All four pieces of research reviewed were published in the Oxford Review of Education, vol 40, issue 6, 2014
Authors: Alice Sullivan, Samantha Parsons, Richard Wiggins, Anthony Heath and Francis Green
This paper is a little inconvenient for the pro-grammar school crowd. Using the 1970s British Cohort Study it analyses the pathways of those born in 1970 and now in early “middle age”. The researchers control for a range of influences and find that, surprise, surprise, social origins – and in particular parental education – are particularly important. Cognitive ability and school attainment help a little, but don’t overcome the importance of social origin. And the grammar schools? It seems that they don’t confer any advantage. Only private schools are powerfully predictive of gaining a university degree.
Authors: Ewart Keep and Ken Mayhew
If we just improve the educational attainment of poorer students, then we will have “equality of opportunity” and all students will be equally able to access elite jobs. There also seems to be a belief that if we educate lots of people this will increase the demand for skilled employees.
The authors question these ideas and suggest that the causes of inequality of earnings and income are complex and reinforcing. Hence, while education and training are sometimes put forward as a “silver bullet”, the truth is more hazy.
The authors suggest that occupational congestion and over-qualification can occur when there is an inflation of skill levels, and that evidence suggests increased skill supply does not always create its own demand.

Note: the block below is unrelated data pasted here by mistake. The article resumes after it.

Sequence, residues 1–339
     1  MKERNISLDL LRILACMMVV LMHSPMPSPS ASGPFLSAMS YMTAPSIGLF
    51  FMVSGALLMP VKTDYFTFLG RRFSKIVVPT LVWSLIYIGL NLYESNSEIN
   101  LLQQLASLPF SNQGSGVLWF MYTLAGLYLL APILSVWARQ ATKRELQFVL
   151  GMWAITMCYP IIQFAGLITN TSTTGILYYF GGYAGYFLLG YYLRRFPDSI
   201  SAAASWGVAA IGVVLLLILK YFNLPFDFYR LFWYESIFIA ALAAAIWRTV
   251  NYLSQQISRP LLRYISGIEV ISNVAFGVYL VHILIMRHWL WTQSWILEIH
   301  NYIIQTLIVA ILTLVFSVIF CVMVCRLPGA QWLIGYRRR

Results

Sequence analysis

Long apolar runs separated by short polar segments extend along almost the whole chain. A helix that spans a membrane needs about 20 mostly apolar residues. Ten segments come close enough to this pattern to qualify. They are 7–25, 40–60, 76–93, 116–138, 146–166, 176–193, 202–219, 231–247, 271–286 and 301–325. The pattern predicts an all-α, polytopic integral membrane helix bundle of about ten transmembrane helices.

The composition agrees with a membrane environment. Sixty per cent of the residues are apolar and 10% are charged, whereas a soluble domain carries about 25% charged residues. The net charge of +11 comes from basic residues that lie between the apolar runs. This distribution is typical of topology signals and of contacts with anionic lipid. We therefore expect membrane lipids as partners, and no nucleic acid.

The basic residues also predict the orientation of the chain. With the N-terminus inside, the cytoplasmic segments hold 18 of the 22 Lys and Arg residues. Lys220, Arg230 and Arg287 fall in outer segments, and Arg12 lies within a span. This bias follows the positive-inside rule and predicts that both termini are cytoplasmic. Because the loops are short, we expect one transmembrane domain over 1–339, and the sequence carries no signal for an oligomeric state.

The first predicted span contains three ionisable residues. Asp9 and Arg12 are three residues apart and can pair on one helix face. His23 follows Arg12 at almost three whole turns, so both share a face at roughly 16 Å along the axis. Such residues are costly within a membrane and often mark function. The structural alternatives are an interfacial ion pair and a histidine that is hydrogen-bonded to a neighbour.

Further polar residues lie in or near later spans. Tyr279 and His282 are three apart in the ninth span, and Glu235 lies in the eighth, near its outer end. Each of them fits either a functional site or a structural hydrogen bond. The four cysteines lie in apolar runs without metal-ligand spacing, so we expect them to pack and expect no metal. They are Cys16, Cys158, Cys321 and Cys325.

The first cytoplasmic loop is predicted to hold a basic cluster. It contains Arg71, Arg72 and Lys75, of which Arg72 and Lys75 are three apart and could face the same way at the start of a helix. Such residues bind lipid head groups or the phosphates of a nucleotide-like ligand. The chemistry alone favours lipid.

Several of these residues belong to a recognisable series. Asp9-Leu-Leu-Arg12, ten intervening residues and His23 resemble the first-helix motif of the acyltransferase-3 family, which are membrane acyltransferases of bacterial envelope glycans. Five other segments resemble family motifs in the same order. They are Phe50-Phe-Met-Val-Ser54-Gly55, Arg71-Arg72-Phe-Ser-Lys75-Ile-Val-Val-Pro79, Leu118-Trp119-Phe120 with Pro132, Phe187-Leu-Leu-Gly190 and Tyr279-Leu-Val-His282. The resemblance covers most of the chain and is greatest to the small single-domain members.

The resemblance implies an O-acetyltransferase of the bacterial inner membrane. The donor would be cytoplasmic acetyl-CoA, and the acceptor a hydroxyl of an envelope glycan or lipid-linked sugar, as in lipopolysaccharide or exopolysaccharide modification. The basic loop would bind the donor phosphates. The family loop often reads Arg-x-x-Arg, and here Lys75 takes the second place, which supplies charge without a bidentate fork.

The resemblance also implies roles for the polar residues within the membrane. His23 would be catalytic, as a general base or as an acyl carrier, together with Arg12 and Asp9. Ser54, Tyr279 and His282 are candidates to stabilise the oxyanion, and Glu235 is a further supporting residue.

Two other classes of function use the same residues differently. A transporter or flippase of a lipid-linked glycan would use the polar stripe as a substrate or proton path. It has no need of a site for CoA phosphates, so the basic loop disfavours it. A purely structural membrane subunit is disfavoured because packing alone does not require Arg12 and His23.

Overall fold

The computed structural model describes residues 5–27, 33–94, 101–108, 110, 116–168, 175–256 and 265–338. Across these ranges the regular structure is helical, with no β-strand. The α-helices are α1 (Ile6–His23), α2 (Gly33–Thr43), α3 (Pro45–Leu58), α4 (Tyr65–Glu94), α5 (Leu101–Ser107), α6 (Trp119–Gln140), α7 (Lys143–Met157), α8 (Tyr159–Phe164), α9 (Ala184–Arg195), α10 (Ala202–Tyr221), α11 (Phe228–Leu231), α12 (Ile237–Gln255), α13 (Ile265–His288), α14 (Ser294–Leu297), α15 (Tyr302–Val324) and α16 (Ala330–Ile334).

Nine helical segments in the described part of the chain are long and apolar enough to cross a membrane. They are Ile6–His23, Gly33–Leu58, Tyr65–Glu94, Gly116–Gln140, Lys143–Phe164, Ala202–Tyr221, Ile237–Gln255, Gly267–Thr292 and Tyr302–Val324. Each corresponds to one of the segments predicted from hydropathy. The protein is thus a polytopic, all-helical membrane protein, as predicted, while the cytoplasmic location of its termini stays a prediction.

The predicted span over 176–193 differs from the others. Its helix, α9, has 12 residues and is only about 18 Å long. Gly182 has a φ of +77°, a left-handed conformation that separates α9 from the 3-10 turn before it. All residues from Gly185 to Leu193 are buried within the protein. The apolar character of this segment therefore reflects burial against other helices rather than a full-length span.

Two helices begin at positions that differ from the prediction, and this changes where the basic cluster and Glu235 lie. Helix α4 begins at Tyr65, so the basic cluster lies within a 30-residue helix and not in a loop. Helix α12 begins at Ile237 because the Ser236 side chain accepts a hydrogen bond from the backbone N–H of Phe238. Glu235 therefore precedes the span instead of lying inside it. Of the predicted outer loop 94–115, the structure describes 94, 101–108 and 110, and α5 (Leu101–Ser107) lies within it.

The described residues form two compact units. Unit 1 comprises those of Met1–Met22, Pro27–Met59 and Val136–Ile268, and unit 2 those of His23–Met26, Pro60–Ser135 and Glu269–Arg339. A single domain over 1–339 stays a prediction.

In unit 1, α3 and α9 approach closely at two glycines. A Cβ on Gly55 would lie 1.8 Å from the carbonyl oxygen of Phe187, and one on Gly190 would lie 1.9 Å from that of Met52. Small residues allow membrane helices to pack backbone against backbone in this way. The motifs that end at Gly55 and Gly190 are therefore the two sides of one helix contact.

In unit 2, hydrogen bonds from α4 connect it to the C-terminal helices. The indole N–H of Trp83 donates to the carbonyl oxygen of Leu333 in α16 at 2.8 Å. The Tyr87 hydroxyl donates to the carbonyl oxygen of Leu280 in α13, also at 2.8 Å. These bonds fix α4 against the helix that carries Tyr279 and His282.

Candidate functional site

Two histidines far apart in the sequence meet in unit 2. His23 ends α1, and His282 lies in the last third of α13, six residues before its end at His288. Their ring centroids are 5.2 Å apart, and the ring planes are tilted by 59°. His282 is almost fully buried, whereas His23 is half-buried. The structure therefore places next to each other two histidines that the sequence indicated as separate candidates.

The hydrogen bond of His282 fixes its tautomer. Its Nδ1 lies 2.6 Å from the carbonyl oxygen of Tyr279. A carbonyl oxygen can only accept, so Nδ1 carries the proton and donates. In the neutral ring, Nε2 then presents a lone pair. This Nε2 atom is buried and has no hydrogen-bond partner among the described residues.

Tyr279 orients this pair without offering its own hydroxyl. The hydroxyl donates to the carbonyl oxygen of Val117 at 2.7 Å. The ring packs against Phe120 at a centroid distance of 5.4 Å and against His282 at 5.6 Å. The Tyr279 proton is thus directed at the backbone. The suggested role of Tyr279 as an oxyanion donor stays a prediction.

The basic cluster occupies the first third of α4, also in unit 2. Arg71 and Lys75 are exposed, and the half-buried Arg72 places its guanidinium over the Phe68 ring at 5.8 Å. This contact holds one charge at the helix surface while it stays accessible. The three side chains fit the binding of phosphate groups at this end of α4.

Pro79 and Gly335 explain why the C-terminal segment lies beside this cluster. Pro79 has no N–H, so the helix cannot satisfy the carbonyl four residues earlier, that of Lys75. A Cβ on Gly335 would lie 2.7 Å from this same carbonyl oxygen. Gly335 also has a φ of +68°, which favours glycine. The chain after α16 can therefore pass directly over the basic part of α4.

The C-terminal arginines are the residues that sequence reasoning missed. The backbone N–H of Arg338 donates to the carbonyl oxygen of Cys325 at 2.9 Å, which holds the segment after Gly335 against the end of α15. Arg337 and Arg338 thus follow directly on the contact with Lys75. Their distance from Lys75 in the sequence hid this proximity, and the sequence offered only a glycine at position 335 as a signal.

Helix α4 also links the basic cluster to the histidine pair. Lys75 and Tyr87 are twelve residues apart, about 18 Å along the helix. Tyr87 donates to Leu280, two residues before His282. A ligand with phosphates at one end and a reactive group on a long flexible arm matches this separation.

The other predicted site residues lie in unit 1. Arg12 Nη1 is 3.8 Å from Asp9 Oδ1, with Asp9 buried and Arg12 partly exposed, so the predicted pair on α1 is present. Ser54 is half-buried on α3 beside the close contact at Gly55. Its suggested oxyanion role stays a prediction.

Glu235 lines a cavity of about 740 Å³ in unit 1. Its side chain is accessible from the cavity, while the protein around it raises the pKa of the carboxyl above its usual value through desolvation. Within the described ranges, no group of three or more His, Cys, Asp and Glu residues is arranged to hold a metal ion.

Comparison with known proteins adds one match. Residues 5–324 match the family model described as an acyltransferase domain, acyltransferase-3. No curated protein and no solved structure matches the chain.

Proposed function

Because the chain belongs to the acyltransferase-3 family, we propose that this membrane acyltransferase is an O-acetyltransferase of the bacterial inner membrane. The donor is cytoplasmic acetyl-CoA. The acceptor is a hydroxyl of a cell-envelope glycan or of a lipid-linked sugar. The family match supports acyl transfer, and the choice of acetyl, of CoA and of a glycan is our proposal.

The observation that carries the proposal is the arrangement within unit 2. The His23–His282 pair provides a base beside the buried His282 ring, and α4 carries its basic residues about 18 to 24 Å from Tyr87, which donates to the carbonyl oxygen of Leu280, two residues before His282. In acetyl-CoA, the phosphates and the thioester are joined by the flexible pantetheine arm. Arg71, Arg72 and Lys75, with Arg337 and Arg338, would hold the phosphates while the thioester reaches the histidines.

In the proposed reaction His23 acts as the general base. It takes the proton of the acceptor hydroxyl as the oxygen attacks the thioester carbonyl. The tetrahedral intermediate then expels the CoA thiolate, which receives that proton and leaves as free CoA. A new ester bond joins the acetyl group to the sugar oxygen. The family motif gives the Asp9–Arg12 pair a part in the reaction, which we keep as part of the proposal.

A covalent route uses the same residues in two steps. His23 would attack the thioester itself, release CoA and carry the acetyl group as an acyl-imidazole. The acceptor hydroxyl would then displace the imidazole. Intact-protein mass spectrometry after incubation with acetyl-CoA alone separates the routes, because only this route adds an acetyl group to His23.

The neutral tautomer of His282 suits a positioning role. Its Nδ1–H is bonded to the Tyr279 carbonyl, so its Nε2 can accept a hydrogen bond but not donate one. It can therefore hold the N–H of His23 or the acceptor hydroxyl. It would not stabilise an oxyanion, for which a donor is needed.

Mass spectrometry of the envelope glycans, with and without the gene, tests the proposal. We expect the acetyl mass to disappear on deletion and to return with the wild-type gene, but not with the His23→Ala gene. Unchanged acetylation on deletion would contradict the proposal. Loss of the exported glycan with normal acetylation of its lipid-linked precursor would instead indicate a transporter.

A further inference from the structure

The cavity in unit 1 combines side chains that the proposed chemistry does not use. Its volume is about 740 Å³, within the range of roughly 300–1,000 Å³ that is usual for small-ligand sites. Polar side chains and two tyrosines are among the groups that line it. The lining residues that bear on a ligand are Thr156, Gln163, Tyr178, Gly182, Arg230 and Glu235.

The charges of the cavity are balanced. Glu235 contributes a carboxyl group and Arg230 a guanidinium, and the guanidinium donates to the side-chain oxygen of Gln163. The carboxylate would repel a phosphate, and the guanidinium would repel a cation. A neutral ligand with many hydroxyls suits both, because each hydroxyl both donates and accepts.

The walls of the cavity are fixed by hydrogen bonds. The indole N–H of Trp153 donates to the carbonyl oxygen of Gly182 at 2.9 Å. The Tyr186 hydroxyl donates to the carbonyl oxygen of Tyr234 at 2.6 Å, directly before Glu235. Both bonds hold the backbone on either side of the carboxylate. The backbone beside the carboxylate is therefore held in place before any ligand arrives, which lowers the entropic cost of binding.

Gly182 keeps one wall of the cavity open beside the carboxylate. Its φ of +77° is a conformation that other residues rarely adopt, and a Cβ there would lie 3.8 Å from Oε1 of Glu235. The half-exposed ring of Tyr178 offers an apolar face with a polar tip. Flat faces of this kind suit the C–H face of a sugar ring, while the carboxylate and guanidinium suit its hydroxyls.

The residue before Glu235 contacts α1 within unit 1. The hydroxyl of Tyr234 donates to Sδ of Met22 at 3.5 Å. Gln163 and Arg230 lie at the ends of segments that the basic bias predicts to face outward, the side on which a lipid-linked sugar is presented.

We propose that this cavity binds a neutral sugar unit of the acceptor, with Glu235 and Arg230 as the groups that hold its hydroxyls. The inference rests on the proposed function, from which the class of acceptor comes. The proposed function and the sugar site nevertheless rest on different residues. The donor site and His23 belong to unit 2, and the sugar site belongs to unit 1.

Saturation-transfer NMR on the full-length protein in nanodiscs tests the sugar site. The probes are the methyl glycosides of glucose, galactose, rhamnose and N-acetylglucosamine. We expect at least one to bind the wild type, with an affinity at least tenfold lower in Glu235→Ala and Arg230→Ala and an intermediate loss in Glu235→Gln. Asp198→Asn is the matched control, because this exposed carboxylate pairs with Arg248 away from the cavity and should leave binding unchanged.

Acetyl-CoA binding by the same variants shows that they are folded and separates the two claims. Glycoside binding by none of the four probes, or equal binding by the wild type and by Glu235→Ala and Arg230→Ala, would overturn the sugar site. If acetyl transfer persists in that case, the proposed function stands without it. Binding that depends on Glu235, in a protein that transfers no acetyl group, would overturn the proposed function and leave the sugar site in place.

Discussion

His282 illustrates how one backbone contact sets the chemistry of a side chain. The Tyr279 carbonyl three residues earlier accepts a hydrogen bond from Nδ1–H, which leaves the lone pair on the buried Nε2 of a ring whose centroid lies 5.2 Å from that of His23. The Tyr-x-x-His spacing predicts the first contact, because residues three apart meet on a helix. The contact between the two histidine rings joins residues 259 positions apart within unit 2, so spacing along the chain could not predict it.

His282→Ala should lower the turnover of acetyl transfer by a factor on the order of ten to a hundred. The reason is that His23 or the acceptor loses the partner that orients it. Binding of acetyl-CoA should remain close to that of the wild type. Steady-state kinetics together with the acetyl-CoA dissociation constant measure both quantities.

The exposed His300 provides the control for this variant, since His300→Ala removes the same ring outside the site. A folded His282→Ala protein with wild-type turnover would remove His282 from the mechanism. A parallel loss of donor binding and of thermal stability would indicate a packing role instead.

Author: Kathy Sylva
In 1975, Jerome Bruner wrote a paper called “Poverty and childhood” in which he explained that children’s development is often affected by the income of their families. This phrase is almost trite in today’s contexts where the more important question is “how does being in poverty affect childhood?”
In this paper, Sylva argues that part of the issue for children in poverty is that they are less likely to develop the capacity to plan ahead – in part, because having a lower income means the adults surrounding the child are less able themselves to plan ahead. The second half of the paper suggests that pre-school environments can help support children to develop such capacity, along with other abilities that can help educational achievement.
Author: Harry Brighouse
More of a philosophical review than a hard-core “research” paper, Brighouse sets out to explain how educational equality has been differently considered in education policies across the past four decades. He also sets the concept of equality against a preference for prioritising the disadvantaged – as is now seen in policies such as the pupil premium, where schools receive more funding for students from poorer backgrounds. Equality is not always about treating people equally, it seems.
Brighouse also questions what equality looks like in the new “fragmented” school landscape. He argues that people often look at the benefits of a new policy for one group, and consider it a success, without considering the impact on others. He gives the example of a “free school” that might be shown to increasing the GCSE scores of poorer students dramatically. However, he asks, what are the impacts on other people? If they are negative then this policy isn’t increasing educational equality as much as it may purport to be.